Strawberry and elderflower fraisiers

Not yet rated

These beautiful strawberry and elderflower fraisiers from Rukmini Iyer are as delicious as they are pretty - perfect for late summer dinner parties or even picnics (weather permitting, of course!).

First published in 2015
discover more:

This French pâtisserie classic is the perfect late summer dessert. Traditionally made with a vanilla mousse and soft genoise sponge base, here, it’s given an English twist with a crisp, buttery shortbread base acting as a lovely textural contrast to an elderflower mousse. They’re perfect for a make-ahead dinner party dessert, and can be carefully transported outside if you’re looking to inspire picnic-envy at the park or an outdoor event. You can go one step further and use homemade shortbread and elderflower cordial in the mousse for a really special occasion. Metal ring moulds are readily available in good cookware shops and are a good investment for mini cheesecakes, Victoria sponges or other French pâtisserie classics.

You will need: 4 x 6.5cm-7cm metal pastry rings




Biscuit base

  • 100g of shortbread
  • 40g of butter

Elderflower mousse

  • 2 egg yolks
  • 30g of sugar
  • 15g of cornflour
  • 3 tbsp of elderflower cordial
  • 2g of platinum grade gelatine leaves, (approx 2 leaves)
  • 175ml of milk
  • 400ml of double cream

Strawberries to decorate

Strawberry jelly


To make the biscuit base, place the biscuits in a bowl and crush with a rolling pin, or alternatively blitz in a food processor for a few seconds until the mixture resembles fine sand. Melt the butter and stir through the crushed biscuits until evenly incorporated
Place the food rings on a small tray, lined with greaseproof paper. Divide the biscuit mixture into four and press down well into the base of the food rings in an even layer. Place the tray in the freezer while you make the mousse
For the elderflower mousse, begin by soaking the gelatine in cold water. Heat the milk in a small saucepan until it just comes to the boil
Meanwhile, whisk the egg yolks, sugar, cornflour and elderflower cordial together in a small bowl. Remove the milk from the boil, and slowly whisk it into the egg yolk mixture until fully incorporated
Sieve the mixture back into the saucepan and heat for 2 minutes, stirring continuously until thickened. Squeeze out the gelatine leaves and whisk them thoroughly into the hot custard. Set the custard aside for a few minutes to cool
Remove the frozen biscuit bases from the freezer and carefully place a layer of strawberries around the inside edge of each ring mould, cut-side facing outwards
In a large bowl, whisk the double cream into soft peaks. Take a spoonful of the cream and combine it thoroughly with the custard, then gently fold the remaining double cream through the custard until it is smoothly incorporated, but without knocking all the air out of the double cream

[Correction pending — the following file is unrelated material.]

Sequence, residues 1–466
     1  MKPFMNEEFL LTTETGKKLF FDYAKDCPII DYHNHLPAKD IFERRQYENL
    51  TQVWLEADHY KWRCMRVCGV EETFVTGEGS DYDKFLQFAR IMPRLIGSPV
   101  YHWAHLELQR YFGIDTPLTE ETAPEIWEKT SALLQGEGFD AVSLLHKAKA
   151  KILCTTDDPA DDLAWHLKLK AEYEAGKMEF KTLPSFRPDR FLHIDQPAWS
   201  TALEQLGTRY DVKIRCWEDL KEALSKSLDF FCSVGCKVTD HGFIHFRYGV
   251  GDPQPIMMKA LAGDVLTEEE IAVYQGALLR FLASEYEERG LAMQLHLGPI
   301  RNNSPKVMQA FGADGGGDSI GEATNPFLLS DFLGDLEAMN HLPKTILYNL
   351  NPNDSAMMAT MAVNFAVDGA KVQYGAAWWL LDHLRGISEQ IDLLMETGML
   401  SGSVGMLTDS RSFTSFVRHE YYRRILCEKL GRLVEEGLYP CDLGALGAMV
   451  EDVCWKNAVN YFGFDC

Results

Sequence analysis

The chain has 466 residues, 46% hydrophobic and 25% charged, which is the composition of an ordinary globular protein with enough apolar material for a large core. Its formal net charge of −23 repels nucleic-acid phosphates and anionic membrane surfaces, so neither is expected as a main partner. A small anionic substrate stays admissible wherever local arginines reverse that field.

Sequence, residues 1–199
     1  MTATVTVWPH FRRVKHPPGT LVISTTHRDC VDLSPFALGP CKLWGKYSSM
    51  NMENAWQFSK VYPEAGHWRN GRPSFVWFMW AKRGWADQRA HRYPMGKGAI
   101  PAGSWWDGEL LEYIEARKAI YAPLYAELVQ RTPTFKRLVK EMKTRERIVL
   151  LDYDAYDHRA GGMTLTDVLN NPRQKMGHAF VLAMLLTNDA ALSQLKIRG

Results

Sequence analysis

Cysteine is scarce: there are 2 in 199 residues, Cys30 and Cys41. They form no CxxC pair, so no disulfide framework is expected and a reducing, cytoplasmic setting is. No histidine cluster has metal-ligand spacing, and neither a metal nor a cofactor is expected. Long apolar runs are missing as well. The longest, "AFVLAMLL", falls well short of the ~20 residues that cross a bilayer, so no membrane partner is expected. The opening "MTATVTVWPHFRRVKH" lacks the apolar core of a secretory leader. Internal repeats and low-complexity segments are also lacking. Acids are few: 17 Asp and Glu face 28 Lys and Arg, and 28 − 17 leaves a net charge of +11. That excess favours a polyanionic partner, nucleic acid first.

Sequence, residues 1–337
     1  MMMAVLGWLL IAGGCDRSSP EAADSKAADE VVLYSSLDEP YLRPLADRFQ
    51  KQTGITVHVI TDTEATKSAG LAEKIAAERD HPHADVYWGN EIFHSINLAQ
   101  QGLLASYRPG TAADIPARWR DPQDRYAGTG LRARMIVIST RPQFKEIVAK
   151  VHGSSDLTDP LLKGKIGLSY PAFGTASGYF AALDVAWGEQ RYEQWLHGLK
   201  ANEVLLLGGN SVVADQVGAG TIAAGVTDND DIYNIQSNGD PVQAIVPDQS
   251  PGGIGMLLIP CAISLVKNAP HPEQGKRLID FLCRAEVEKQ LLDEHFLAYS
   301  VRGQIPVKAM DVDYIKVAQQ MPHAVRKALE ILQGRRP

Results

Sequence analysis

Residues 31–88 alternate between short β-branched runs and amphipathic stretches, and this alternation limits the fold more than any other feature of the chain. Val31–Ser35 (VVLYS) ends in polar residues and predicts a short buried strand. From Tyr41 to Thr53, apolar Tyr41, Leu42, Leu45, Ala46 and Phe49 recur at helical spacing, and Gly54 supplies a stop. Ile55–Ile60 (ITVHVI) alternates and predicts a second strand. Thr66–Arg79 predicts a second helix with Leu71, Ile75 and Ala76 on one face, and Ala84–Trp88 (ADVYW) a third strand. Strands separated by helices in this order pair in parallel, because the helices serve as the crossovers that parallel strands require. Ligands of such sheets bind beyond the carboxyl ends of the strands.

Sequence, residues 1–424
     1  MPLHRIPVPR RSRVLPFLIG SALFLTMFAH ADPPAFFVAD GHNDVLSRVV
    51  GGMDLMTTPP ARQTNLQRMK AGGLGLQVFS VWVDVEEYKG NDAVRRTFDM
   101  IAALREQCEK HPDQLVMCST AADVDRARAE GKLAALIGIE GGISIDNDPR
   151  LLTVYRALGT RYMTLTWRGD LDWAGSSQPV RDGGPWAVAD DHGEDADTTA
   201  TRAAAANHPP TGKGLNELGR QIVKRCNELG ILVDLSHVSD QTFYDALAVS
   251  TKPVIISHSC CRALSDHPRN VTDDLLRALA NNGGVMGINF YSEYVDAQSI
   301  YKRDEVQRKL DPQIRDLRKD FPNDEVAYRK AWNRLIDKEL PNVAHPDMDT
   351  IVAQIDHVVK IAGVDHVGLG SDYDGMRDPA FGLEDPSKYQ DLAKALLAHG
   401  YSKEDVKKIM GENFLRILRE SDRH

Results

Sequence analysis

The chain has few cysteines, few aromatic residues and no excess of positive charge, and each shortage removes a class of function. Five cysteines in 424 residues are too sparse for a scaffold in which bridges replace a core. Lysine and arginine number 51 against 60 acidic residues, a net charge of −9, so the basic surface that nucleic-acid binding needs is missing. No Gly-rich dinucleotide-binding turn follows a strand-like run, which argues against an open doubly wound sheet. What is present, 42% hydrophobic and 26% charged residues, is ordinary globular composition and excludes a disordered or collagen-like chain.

Gently spoon the mousse into each ring mould inside the strawberries then carefully smooth the mousse over the top of them to fill the ring mould, leaving at least 2mm of space at the top. Return the ring moulds to the freezer to chill
For the strawberry jelly, place the halved strawberries in a small saucepan with the sugar on a low heat and stir for 2 minutes until the sugar has dissolved. Cover and cook for 10 minutes without stirring, until the strawberries have released all their juice
5 minutes before the strawberries are ready, place 1/2 a gelatine leaf into cold water
Strain the strawberries through a sieve into a jug, making sure not to push the strawberries through too much or the jelly will become cloudy. Return the strawberry juice to the pan and heat for 1 minute
Squeeze out the gelatine leaf and stir it into the hot strawberry juice until thoroughly incorporated. Leave the strawberry juice to cool to room temperature before pouring a thin layer over each of the chilled elderflower mousses. Place the mousses in the fridge to set for 30 minutes
To unmould the mousses, remove them from the fridge and gently run a blowtorch very quickly around the sides of the moulds before pulling the moulds off. If you don’t have a blowtorch, the mousses can also be unmoulded by warming the sides of the moulds with your hands before gently pulling the moulds upwards
Decorate with the remaining strawberry halves and serve chilled. These will keep for 24 hours in the fridge, but are best eaten as soon as possible, as the biscuit base will begin to lose its crunch
First published in 2015

Having left a career as a lawyer to pursue her foodie passions, Rukmini went on to work at Tom Kitchin's The Kitchin in Edinburgh. She is now a food stylist, food writer and recipe developer based in London, and is the author of The Roasting Tin.

Get in touch

Please sign in or register to send a comment to Great British Chefs.